Saturday, August 9, 2008


LIVING A ZOMBIE DREAM begins with a production company logo: Borderline Entertainment, which is probably the most accurate moniker I've ever seen. This 1996 shot-on-video feature from director Todd Reynolds tries to be something more than a run-of-the-mill living dead flick, even daring to be artsy, but faces too many hurdles--be it budgetary, technical, or creative--that it just can't overcome.

Encapsulating the plot will be no easy task, since throughout most of the movie I had no idea exactly what was going on, but I'll give it a shot: a young man--played by Amon Elsey, who looks suspiciously like he'd be Arch Hall Jr.'s secret love child--catches his girlfriend and his brother mid-coitus (though, as ridiculous as this sex scene is, I'd be more embarrassed for them than angry). As retribution, Elsey takes his brother for a ride and leaves him stranded in the middle of the night in a well-lit, properly maintained suburban neighborhood (that'll teach the bastard, I guess), only to accidentally leave him for a local serial killer, a killer who likes to dress in a loincloth--no reason, must be a comfort thing--and make snuff movies in his basement. Elsey kills this Tarzan-wannabe psycho, only to find that he won't stay dead, returning again and again in what is either grossly unmotivated revenge or an increasingly potent hallucination.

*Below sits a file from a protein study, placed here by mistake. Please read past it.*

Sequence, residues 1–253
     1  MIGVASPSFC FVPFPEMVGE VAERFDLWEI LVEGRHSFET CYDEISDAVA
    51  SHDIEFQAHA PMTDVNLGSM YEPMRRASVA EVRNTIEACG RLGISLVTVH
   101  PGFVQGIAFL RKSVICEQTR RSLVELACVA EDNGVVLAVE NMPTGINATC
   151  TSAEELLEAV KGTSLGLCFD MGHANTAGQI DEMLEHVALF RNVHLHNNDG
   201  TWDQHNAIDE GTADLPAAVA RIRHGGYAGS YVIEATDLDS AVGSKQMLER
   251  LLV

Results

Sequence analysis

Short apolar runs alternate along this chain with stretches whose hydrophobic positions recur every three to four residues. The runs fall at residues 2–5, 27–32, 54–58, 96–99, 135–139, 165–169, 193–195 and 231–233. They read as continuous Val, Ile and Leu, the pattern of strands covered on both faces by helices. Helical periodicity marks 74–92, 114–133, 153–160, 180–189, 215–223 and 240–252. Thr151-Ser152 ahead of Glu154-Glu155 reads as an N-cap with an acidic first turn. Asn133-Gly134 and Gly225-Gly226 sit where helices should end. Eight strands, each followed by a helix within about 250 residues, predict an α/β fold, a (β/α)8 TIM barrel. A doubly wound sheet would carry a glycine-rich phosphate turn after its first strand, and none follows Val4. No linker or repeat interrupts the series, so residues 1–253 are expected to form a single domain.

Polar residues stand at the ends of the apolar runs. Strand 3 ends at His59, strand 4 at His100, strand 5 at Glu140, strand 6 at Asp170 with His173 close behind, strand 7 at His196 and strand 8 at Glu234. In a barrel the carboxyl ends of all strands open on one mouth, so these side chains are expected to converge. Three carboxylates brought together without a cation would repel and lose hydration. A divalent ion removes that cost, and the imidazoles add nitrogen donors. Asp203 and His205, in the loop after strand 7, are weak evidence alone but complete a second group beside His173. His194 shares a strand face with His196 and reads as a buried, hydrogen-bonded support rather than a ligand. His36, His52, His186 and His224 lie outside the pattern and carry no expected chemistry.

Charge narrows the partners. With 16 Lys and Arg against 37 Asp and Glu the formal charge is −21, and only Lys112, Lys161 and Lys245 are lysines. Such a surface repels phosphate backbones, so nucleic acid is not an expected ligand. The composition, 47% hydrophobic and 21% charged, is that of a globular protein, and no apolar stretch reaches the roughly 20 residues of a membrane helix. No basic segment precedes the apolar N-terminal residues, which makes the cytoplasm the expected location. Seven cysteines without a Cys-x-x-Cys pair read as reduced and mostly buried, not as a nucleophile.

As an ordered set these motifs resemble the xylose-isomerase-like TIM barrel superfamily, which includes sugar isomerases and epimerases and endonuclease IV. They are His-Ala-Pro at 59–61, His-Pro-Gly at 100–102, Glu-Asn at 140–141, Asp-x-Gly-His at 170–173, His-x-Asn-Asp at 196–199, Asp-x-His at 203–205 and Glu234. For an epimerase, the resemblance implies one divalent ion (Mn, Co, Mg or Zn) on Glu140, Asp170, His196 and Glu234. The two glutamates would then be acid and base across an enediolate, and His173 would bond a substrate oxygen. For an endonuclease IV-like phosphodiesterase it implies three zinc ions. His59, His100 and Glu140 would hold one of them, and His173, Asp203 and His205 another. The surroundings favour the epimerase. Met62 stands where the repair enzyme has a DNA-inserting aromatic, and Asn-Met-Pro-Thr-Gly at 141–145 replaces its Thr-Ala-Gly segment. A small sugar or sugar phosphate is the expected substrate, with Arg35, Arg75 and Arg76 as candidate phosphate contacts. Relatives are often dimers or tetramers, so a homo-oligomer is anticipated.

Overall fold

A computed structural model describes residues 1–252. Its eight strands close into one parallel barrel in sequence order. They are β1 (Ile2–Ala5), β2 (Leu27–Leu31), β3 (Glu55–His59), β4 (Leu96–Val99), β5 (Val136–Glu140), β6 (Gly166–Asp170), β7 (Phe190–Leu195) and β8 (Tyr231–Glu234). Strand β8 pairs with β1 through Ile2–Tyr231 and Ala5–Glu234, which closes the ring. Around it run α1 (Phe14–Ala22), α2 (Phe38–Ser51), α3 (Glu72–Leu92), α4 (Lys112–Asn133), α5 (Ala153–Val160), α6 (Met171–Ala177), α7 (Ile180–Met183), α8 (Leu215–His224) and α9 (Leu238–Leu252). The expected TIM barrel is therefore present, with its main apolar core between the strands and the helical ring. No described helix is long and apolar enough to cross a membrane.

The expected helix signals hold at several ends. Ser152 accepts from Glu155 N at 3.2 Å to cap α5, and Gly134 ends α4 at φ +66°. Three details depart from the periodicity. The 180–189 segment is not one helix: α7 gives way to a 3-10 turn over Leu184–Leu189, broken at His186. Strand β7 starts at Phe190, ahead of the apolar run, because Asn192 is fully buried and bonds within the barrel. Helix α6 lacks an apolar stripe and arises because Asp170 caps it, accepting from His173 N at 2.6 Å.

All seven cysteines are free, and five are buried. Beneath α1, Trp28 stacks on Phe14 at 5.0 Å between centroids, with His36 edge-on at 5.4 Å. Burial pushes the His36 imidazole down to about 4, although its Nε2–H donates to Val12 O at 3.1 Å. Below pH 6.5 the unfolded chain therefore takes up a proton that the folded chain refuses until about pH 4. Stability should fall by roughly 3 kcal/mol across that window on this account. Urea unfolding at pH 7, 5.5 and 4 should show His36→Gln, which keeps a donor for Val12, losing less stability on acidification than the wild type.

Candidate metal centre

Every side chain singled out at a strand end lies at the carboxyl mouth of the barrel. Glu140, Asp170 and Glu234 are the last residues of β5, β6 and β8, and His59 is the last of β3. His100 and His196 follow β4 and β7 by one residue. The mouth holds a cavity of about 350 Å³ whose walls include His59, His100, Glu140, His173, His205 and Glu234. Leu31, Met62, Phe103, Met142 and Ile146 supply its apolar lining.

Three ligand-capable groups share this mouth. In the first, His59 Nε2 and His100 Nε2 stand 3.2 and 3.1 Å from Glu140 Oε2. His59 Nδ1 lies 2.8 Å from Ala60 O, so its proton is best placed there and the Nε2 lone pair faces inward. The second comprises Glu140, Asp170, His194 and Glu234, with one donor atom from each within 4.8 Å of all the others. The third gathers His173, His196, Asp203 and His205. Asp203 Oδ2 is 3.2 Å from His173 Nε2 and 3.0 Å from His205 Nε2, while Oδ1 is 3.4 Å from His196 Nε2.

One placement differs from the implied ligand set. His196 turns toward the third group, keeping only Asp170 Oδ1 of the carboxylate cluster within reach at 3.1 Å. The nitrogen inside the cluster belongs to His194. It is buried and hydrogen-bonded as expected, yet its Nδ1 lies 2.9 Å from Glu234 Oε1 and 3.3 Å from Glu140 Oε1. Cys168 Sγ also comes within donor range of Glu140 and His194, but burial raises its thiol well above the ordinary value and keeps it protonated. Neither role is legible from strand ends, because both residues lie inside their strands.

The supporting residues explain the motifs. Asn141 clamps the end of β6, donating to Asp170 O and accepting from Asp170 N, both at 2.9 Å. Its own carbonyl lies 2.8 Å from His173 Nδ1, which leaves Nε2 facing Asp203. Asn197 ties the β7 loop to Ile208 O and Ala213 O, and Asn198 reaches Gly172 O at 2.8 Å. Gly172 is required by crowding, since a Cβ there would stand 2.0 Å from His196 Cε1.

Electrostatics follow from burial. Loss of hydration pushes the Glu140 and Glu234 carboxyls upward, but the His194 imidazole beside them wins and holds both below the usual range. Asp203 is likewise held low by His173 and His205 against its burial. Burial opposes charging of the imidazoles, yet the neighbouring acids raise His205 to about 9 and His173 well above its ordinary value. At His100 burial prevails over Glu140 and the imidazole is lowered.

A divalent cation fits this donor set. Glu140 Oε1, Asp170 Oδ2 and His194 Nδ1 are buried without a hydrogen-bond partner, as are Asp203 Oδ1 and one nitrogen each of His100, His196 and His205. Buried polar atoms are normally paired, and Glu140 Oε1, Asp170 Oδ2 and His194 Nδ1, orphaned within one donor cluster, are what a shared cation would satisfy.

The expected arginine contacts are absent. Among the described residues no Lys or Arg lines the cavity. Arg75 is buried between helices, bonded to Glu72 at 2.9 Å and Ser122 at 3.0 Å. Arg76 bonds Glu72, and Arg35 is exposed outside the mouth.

And while the above synopsis sounds like an interesting enough movie, I'm afraid it really isn't, since the film's as lively as a kid on the first day of school. It's bad enough that the story lags, but Reynolds needlessly jumbles the chronology of events, making it confusing as well. We're then treated to a parade of strange, David Lynch-flavored sequences that may or may not be in Elsey's head (we're made to question what's real and what isn't, but never in a tantalizing or absorbing way); though I appreciate that Reynolds is trying to do something different, even if I can't understand it, without any knowledge of who these characters are or what they're after, these scenes end up merely as bizarre window-dressing (even at his most obtuse, Lynch never abandons the viewer in the imagery). And that's a shame, because this might've been an engrossing film if it'd had the right energy, but DREAM lies on the screen, lifeless, with no impetus or conflict to propel it.

Despite a few surreal flourishes here and there, LIVING A ZOMBIE DREAM suffers on a technical level too, hampered by muddy, grainy videography and poor audio (yet, as we've seen from previous reviews, crappy sound can be your friend with such inferior acting on display).

Reynolds has his heart in the right place, but his movie feels like those terrible softcore skin flicks that popped up during the mid-'90s, the ones that interspersed repetitive flashes of random objects with lingering images of nude women (who got off on those damn things is beyond me, since I've seen more erotic fare on The Learning Channel). LIVING A ZOMBIE DREAM is a painful lesson in style vs. substance.

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